What happens when 1.8 million American truck drivers lose their jobs to robots?

Discussion in 'Business & Economics' started by Plazma Inferno!, Aug 4, 2016.

  1. Plazma Inferno! Ding Ding Ding Ding Administrator

    Freight trucks (semis, 18-wheelers, tractor trailers, what have you) are a big piece of the US economy. According to the American Trucking Association, these vehicles carry 67 percent of the freight that moves within the US — some 9.2 billion tons a year.
    There were, as of 2009, some 2.4 million class 8 trucks (semis) and 5.7 million commercial trailers registered in the US. Together they traveled 99.2 billion road miles in 2010.
    All that driving employs lots of people. In 2014, according to the Bureau of Labor Statistics (BLS), there were about 1.8 million people driving heavy trucks. It is one of the last jobs available in the US that pays something close to middle-class wages — median annual pay of about $40,000 in 2015 — without requiring a college education.
    But what would happen if autonomous vehicles live up to their promise? They could have seismic effects on America’s economy and culture. Including long-haul trucking.
    The population of rural and small-town America already shrinks as young people leave to search out work in the cities (https://next.ft.com/content/e213f016-c9d7-11e2-af47-00144feab7de#axzz4GJ1kdwWa). Autonomous trucks could be the final nail in the coffin of many small towns.

    Last edited: Aug 4, 2016
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  3. iceaura Valued Senior Member

    I don't think these guys have grasped the nature of delivery via truck, in their predictions. It's not just the truck they have to automate - it's the docks, the cargo, the weather, the mechanical stuff, etc. The economics of having a self-driving truck on the highway carrying a driver for handling all the non-highway cruising stuff - which is the major skill set of the job - don't add up yet. They'll have autonomous cabs, helicopters, airplanes, bulldozers, trains, and cargo ships, before they have autonomous freight trucks. Prediction.

    More likely, long haul trucks themselves will go away. Goods will be manufactured in robot factories near their destination, from raw materials delivered by train, before they are delivered by robot trucks. Or autonomous zeppelins and drones - much easier to program than trucks, as airplanes are - will take over some stuff. Another prediction.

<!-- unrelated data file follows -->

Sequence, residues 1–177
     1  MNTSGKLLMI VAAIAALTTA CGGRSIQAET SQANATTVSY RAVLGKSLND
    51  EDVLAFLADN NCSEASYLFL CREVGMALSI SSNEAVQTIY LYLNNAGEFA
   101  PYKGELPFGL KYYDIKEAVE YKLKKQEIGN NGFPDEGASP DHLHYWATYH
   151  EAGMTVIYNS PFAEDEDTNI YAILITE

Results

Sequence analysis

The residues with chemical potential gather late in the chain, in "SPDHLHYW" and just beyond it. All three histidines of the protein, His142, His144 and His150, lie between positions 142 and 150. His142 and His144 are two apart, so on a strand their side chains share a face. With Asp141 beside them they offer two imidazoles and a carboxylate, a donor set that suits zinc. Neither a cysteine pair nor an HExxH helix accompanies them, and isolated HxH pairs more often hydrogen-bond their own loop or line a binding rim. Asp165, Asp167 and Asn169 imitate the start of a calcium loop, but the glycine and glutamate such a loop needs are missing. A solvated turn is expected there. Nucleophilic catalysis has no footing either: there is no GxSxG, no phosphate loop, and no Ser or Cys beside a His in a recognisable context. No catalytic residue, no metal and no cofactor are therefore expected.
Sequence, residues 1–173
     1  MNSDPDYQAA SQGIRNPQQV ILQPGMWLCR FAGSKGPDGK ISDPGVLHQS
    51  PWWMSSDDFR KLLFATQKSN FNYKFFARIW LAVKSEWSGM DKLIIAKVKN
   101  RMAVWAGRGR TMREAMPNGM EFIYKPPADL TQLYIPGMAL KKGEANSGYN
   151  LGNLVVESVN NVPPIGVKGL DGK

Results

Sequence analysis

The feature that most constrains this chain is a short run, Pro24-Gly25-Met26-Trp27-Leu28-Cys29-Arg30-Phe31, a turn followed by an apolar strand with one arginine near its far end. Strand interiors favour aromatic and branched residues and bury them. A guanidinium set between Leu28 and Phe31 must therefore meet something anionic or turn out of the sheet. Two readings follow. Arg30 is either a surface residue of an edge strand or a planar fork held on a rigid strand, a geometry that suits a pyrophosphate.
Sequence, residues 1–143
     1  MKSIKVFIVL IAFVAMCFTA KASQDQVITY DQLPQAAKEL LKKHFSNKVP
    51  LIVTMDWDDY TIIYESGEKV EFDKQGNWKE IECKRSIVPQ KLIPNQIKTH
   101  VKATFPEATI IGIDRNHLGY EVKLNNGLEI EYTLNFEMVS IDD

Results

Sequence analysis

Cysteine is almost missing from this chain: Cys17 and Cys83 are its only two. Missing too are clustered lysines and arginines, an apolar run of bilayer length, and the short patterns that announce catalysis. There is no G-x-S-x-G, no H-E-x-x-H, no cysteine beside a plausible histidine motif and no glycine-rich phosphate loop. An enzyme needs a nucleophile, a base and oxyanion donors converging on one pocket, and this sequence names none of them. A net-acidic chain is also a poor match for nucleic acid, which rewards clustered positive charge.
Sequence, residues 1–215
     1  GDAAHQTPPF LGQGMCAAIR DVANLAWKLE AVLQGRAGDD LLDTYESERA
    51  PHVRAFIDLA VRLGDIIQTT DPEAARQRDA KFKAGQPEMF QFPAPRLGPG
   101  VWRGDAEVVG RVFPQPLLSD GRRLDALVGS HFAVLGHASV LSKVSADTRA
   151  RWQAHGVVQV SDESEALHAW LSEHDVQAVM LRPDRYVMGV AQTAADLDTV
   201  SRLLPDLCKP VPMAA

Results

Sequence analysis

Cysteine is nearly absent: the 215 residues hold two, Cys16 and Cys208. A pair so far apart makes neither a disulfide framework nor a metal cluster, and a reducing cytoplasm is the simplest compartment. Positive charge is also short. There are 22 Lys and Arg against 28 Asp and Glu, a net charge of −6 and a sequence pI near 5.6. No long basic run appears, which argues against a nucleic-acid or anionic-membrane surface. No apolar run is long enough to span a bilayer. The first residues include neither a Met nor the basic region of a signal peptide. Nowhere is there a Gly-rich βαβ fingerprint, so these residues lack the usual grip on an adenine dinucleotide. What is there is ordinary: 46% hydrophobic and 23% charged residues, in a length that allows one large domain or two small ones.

But in the meantime, for twenty or thirty years after the first stage of automation life looks better rather than worse for drivers. A robot handling the crosscountry stretch, with drivers at each end meeting and handling the last few miles and all the hard stuff, will require pools of drivers as skilled and well paid as the current bunch - and they would get to sleep in their own beds at night.

    And the demand for support - mechanical, load and unload, roadside assistance, etc - would seemingly rise, not drop. Drivers are doing a lot of that now.
    Plazma Inferno! likes this.
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  5. Plazma Inferno! Ding Ding Ding Ding Administrator

    According to the data from the Census Bureau, truck driver is the most common job in most states. Driving a truck so far has been immune to two of the biggest trends affecting U.S. jobs: globalization and automation.
    Also, regional specialization has declined. So jobs that are needed everywhere — like truck drivers — have moved up the list of most-common jobs.
    The prominence of truck drivers is partly due to the way the government categorizes jobs. It lumps together all truck drivers and delivery people, creating a very large category.
    Source: The Most Common Job In Each State 1978-2014

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